Amazing how a picture can make things look more perfect than they are. I assure you there are plenty of small alignment mistakes when you get up close to it. But this turned out much better than Serenity did from that perspective. Every time I sit down at my machine, I learn a little more about making seams come together better, and this project taught me a good deal about careful block construction -- and why sewing triangles on the bias can be a little tricky. Next time I tackle a similar project, I'm sure the construction will improve again. I think that's one of the fun parts about learning a new craft -- in the beginning, you see so much progress in your technique and skill with every project.

This quilt is going to be off to the machine quilter sometime in the next week or so -- just as soon as I can get it to Quiltology for the hand off. I'm going to have it backed with a lovely plush, washable fabric, in a soft lilac color, that I think will be very baby friendly and give it a little extra thickness. Hopefully it will be back in my hands before the Z baby decides to put in an appearance. I think it would be awfully nice to bring her home from the hospital and greet her with her very own quilt.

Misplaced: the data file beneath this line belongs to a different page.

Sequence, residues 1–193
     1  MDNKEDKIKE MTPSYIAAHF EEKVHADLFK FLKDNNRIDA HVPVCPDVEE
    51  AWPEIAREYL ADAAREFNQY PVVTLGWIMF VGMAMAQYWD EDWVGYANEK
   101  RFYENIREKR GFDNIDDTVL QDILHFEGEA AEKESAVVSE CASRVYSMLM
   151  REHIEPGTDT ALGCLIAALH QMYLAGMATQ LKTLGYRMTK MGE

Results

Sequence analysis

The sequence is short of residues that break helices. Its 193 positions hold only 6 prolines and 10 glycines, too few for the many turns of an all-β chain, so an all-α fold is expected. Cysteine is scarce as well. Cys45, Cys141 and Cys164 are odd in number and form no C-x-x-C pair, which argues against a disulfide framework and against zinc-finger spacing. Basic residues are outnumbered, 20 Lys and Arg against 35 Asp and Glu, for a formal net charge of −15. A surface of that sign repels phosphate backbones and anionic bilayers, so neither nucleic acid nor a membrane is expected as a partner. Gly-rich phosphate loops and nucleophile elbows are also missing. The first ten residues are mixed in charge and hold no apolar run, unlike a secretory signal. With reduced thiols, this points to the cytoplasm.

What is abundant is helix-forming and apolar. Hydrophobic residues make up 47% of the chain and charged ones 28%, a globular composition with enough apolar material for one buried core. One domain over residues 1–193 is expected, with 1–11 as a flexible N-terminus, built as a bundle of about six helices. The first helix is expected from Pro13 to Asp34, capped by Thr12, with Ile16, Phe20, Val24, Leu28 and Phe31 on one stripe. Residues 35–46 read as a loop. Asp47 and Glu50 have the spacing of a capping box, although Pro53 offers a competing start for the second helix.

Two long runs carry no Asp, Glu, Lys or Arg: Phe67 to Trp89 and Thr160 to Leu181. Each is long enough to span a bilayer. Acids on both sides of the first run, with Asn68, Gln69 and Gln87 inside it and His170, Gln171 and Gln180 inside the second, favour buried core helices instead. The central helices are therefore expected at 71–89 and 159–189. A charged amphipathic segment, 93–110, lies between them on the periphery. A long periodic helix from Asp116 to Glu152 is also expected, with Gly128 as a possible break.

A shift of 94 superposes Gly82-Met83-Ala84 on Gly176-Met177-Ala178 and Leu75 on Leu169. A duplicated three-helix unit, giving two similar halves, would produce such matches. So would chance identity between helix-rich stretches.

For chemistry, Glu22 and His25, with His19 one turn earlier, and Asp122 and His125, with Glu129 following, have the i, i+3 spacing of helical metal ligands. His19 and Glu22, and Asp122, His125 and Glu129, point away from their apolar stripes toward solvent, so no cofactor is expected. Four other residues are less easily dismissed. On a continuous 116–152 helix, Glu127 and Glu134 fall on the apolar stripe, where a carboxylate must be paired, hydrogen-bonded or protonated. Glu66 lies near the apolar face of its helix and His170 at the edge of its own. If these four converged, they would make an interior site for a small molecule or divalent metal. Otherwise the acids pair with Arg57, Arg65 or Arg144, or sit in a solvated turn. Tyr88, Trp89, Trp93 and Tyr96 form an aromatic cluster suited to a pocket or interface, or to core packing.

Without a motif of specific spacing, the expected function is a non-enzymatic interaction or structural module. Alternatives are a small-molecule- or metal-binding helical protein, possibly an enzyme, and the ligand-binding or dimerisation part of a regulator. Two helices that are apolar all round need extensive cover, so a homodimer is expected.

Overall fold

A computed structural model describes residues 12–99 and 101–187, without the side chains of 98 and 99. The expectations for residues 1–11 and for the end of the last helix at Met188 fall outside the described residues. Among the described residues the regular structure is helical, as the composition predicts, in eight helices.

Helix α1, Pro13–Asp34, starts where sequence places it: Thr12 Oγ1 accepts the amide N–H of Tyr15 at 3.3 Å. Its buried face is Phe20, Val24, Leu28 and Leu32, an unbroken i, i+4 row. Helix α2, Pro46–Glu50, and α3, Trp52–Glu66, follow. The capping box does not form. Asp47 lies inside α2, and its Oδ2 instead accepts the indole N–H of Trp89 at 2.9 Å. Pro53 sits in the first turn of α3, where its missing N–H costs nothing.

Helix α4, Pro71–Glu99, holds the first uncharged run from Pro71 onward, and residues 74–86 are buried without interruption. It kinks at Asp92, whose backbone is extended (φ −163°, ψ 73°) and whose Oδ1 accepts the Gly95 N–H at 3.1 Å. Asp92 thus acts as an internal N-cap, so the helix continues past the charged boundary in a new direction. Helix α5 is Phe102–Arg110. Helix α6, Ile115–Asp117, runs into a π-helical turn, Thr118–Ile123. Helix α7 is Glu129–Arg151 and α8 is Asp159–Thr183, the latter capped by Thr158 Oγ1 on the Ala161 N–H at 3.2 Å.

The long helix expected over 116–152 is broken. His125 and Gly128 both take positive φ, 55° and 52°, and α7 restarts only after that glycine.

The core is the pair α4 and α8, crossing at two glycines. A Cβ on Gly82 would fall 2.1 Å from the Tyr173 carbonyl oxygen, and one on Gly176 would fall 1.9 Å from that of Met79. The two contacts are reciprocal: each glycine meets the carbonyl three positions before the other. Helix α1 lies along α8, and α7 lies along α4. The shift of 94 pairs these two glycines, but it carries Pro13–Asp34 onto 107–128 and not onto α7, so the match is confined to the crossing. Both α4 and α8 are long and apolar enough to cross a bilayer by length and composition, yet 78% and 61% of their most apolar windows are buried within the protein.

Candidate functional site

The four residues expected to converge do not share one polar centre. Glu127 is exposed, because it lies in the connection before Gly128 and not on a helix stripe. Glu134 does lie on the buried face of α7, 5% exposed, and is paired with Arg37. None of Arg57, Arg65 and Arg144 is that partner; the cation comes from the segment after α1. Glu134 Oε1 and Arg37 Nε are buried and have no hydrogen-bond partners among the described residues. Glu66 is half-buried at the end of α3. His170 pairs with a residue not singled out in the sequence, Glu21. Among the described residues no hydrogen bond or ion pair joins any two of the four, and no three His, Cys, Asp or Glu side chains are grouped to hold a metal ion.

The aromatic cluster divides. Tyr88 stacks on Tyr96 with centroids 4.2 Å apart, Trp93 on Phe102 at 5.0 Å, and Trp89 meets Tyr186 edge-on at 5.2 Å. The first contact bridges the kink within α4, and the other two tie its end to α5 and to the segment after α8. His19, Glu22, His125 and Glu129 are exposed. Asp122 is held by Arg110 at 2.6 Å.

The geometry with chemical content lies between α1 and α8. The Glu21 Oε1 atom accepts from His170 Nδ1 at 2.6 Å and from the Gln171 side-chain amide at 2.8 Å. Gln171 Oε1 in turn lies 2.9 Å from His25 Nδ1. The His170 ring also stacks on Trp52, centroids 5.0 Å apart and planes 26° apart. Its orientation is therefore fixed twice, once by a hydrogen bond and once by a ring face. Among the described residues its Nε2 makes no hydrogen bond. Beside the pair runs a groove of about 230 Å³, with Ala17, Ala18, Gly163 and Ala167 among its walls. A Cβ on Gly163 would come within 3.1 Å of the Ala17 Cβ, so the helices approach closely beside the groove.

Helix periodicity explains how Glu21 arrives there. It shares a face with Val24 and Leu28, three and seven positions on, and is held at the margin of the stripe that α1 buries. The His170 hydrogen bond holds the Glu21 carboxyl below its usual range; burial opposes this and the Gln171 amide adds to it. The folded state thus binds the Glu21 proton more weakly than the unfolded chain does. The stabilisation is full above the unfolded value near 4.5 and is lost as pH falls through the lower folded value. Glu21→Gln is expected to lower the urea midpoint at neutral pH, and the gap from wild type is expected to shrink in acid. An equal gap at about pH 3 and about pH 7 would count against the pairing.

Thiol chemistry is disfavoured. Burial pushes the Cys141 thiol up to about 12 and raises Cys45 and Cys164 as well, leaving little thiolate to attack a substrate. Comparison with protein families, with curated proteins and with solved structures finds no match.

A Field of Stars

An Array of Stars

Here's the moment I've been waiting for with my star blocks: seeing them all together and putting them into the final order I want them to be in for the Z Baby's second quilt. While I was laying them out yesterday morning, I grew extremely happy with my decision to put each star on a background of the same fabric. They all just popped out so well. Not to mention the fact that I think the choice of background fabrics turned out even better than I could have anticipated. They work well with the fabric in the stars and they play nice together in the quilt as a whole.